This is a difficult and worrying time for everyone, everywhere. Our world has been tipped on its head. If you are going through a separation, chances are you were already going through some emotional turmoil and vulnerability before the current pandemic came along to double down on your stress and anxiousness. If you are co-parenting, you face some extra challenges but they can be worked out! Here are the tips I am sharing with my 1:1 clients at the moment.
Plan Ahead - If you haven’t already, pull together a plan for how your co-parenting arrangements will look should you face illness, isolation, the closure of schools and day cares or further restrictions imposed on movement.
If any of these events happen, the last thing anyone (most of all, your children) need is you having to quickly come up with new arrangements when everyone is feeling under pressure. Having a pre-agreed plan also helps when you face those inevitable “What if...? ” questions from your children.
For your children, seeing you jump straight to “Plan B” without a lot of panic or fuss gives them certainty and assurance that the important adults in their lives have got this.
Be Prepared to Change Changeovers – as part of your planning, think about how changeovers in care might need to change.
If you use a neutral venue such as sports activities, school or a library, agree on a back-up neutral changeover venue in the event your usual venue shuts down. Venues that are outdoors and where you can maintain good distancing practices are ideal.
If one or both of you rely on public transport for changeovers, agree on a plan for if public transport services are reduced or shut down.
Be Flexible – life at the moment is very much about taking each day as it comes and rolling with any changes that occur. Now is the time to make like bamboo, rather than a rigid oak:
“Bamboo is flexible, bending with the wind but never breaking, capable of adapting to any circumstance.” (Ping Fu).
Try hard to carry out your obligations under any court ordered arrangements or parenting agreements. However, if restrictions, changes in work commitments or illness make it unreasonable to stick with those arrangements, roll with that and work out alternatives. Rigidly trying to hold on to unworkable arrangements will merely create extra stress and ultimately won’t likely serve your children.
It may be one parent has to travel further than usual, you use non-physical contact alternatives or arrangements are made for extra time being accommodated later.
Focus on finding solutions that work for your children, rather than past grievances, and bear in mind your children are learning from how you problem solve at this time.
Keep Contact Happening – Our children will be feeling anxious too, no matter how well we try to protect them from being so. These anxieties will likely include worrying about their parents and what may happen if mum or dad or other loved caregivers get sick. If your children are in your care, ensuring they have lots of regular contact with their other parent or caregiver (using Facetime, Skype, Phone calls etc) will go some way towards easing this time for them.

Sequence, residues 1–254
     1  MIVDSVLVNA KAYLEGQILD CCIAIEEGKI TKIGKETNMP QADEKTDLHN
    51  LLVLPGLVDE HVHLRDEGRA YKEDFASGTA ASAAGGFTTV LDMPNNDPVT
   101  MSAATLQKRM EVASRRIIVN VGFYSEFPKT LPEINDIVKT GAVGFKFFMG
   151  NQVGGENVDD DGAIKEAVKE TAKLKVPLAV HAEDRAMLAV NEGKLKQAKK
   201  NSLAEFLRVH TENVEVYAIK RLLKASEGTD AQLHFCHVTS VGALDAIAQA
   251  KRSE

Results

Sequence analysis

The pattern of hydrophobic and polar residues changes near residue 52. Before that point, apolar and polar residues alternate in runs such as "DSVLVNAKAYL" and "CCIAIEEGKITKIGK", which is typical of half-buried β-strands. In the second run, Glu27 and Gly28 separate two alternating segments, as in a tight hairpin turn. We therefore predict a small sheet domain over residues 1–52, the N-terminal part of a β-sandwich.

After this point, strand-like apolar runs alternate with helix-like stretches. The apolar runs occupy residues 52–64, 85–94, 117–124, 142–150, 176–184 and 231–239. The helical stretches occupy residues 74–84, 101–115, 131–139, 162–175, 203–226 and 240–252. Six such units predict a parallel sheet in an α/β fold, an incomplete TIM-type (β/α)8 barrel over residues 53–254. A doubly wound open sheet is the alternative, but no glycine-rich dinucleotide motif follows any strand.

Amp up the Three C’s – Now is the time to amp up the communication, courtesy and cooperation between co-parents. Your access to legal and dispute resolution services may become reduced so focusing hard on these three C’s may be what gets you through!
Communicate about what each household is doing to take precautions. Discuss any issues around vulnerable members of the family. Decide together as guardians whether to take the precaution of withdrawing your children from school, even if school is still open. Now is the time to be open and transparent with information about the messages your children are being given about the current situation, any worries the children have expressed and any illness that may occur in your household.
Ensuring you maintain a courteous communication style, speaking with your ex as you would like to be spoken with, can help reduce the potential for heated exchanges.
If communication between you both is not viable without further conflict, then look to whether there are family members or friends who are able to serve as Switzerland and be good go-betweens.
Aside from the children’s care arrangements, it is likely financial considerations will impact upon you too. If there are reductions in income or job losses this will be a source of increased stress that impacts how they communicate. It also may impact on a parent’s ability to contribute to the children’s costs. Communicate early about these concerns (anticipate and plan for them before they happen). Adopt understanding of one another's stress. Help each other where you can and cooperate to find an interim solution.
Try to be scared without being scary - You likely have worries and fears about what lies ahead for you and your children. Remember your children have amazing radars that will pick up on any anxiousness and fear in their parents. They also will be getting lots of information from other sources, including mis-information from their peers.
Brene Brown urges us to “Try to be scared without being scary”. Filter information appropriately for your children, given their ages. Reassure them and, if age appropriate, discuss with them the plans you have in place. They will be watching and learning from how their parents navigate and problem solve during this time. Regard that as a great opportunity you are being given.
Everyone is Doing Their Best – Most of all, adopt a generosity of spirit. It helps to see the world through a mindset that everyone is simply doing the best they can with the coping tools they have got. That includes your ex.
If you feel you need additional support or want to help other separated parents by sharing what is working for you at the moment, head on over to The Divorce Lighthouse Group. It's a wee haven online for smart, savvy women going through a separation or divorce.